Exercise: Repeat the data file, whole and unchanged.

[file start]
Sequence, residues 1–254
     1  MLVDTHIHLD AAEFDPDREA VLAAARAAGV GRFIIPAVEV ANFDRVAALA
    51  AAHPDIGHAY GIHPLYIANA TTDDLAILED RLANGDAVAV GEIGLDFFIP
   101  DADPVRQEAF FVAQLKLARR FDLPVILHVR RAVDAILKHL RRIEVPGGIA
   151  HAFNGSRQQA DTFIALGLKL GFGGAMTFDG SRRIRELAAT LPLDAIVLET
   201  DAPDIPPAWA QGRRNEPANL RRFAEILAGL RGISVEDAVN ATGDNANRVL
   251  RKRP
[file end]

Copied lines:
Sequence, residues 1–254
     1  MLVDTHIHLD AAEFDPDREA VLAAARAAGV GRFIIPAVEV ANFDRVAALA
    51  AAHPDIGHAY GIHPLYIANA TTDDLAILED RLANGDAVAV GEIGLDFFIP
   101  DADPVRQEAF FVAQLKLARR FDLPVILHVR RAVDAILKHL RRIEVPGGIA
   151  HAFNGSRQQA DTFIALGLKL GFGGAMTFDG SRRIRELAAT LPLDAIVLET
   201  DAPDIPPAWA QGRRNEPANL RRFAEILAGL RGISVEDAVN ATGDNANRVL
   251  RKRP